Similarly, many consumers in other nations enter terms and phrases that are not exact translations into search engines. 

It is critical to use keyword research tools to find out what people are looking for in certain locations while working on SEO planning for your multilingual sites. After you have made a list, meet with a translator who speaks the language fluently to double-check for accuracy and missed opportunities. 

You will have a greater chance of attracting localized visitors if you check for keyword language and dialect consistency throughout each multilingual version of your site. 

5. Relying and Optimizing your Website only for Google Search Results 

It is easy to see why business owners and marketing teams believe Google is the only search engine that matters when you realize that it receives 77,000 searches each second. Although Google is the most popular search engine in the world, it is far from the only one available to customers. 

Several search engines cater to specific languages. Getting your site to appear in the results might have a huge impact on your sales and conversions if you are wanting to attract users in a large market, such as China or Russia

If you want to learn more take a look at this graphs on the most used search engines by country

We recommend that you look into the different search engine sites used in each of the nations you want to target. You can bet that if you know how people find information and businesses, you will have a simpler job ranking your translated website

6. Failing URLs and 404 Not Found 

To allow Google to successfully crawl, index, and rank your sites, each of your language or country pages must have its own unique and accessible URL (web address). This is far better for your Google ranking than locale-adaptive crawling, which attempts to discern a visitor’s language or country based on their IP address and serves them a version of the material in all languages on the same URL. 

Because Google’s search engine does not use cookies, if you have a multilingual website and rely entirely on cookies to manage your URL, Google will not be able to index the foreign versions. Because anything after a hashtag (#) is treated the same by search engines, the language determinant must appear before any hashtags in the URL. 

As a result, you must create a unique web framework for each international version of your website. This includes employing country-specific domain names, sub-directories, or sub-domains if you are targeting multilingual clients/customers. All of these approaches have pros and downsides, and there is no obvious winner in terms of SEO. It is easy to configure different domains to use the same database using CMS systems like WordPress, PrestaShop, or Drupal, and it’s my personal preference to use separate nation domain names.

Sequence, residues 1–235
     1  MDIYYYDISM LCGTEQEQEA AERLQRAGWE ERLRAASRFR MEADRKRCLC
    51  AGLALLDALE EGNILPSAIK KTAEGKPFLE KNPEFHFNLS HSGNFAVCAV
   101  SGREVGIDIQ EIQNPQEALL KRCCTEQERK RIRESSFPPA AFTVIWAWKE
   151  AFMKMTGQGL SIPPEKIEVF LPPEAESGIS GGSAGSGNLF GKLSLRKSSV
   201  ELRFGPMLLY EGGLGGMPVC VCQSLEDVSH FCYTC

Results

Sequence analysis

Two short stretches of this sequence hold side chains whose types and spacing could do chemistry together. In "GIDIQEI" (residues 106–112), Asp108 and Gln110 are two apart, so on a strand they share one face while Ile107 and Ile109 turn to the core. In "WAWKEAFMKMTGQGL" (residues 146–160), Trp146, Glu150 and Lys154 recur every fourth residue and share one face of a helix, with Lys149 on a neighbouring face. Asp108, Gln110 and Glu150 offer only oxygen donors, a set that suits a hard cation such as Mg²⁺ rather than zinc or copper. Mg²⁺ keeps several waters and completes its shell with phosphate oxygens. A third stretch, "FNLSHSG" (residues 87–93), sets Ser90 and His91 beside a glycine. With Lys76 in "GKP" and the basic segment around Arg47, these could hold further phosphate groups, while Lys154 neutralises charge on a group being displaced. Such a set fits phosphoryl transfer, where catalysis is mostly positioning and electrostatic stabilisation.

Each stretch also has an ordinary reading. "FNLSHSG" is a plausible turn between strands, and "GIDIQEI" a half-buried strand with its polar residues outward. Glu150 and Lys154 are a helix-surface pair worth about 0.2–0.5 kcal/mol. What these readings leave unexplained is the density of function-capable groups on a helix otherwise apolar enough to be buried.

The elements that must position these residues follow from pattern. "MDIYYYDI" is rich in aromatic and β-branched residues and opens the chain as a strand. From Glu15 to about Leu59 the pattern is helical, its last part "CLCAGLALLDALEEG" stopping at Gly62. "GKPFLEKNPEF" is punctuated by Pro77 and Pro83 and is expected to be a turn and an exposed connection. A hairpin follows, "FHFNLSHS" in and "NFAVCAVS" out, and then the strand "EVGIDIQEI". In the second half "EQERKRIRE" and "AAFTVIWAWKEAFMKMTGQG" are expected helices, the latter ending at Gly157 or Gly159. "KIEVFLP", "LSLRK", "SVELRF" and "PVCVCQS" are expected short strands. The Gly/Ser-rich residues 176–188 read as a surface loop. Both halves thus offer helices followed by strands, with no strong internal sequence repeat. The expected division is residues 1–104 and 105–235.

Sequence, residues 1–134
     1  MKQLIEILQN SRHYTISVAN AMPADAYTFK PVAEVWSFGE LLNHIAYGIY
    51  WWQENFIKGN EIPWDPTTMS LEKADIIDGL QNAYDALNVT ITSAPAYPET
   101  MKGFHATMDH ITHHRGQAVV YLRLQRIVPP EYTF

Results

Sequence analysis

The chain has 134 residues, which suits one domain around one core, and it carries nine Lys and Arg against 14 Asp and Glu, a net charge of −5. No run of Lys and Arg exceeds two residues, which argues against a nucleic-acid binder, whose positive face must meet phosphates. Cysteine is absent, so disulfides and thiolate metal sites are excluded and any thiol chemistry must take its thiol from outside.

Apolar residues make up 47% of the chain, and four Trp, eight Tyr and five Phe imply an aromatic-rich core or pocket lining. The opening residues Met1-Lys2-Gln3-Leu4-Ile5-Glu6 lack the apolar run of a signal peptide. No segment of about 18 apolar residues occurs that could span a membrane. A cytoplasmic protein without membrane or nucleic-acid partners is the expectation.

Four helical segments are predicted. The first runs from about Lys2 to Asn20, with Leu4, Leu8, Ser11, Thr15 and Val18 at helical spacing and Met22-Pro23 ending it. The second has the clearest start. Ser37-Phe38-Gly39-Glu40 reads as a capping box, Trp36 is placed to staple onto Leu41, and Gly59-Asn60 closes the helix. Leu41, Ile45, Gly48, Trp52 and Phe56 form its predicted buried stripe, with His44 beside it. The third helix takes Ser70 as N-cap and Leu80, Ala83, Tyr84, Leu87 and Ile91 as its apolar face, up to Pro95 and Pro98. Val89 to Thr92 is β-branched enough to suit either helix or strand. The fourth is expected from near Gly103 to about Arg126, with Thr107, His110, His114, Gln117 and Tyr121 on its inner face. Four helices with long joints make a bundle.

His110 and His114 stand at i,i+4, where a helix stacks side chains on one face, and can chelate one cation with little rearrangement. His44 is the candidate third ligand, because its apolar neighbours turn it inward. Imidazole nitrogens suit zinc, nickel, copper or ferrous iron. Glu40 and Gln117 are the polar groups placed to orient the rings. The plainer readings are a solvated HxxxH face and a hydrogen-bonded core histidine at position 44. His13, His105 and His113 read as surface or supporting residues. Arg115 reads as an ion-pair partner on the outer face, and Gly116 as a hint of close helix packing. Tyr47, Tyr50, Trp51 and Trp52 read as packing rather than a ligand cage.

7. Translated but not Localized Content 

In a similar vein, don’t automatically assume that content created for websites in the same language but for separate nations can be reused (i.e., the UK and the US). There are several examples of linguistic and cultural variations across countries that share an official language for which we do not make sufficient concessions. 

For example, a page on your UK site regarding rainy days may be irrelevant in some sections of the United States or Australia. To target your audience in each individual country, you will need to localize the content, which means using distinct idioms, references, and content styles. 

This is one of the reasons why conducting keyword research with native speakers is critical. Examine the many terms that English speakers in the United Kingdom, the United States, and Australia use to describe the same subject. 

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Language and geographical barriers are no longer an issue in the age of globalization. The Internet opens up new avenues for reaching a large audience, and many businesses and individuals have decided to make use of this opportunity. The proper application of multilingual SEO best practices on websites opens up a slew of new possibilities. If you follow our advice, you will be successful in reaching a new market, a wider audience, or gaining exposure to a foreign culture. 


1 Comment. Leave new

SEO Agency PH
January 3, 2023 4:49 am

I appreciate you talking about 7 most common SEO mistakes on multilingual websites. Your post provided me with a fresh perspective.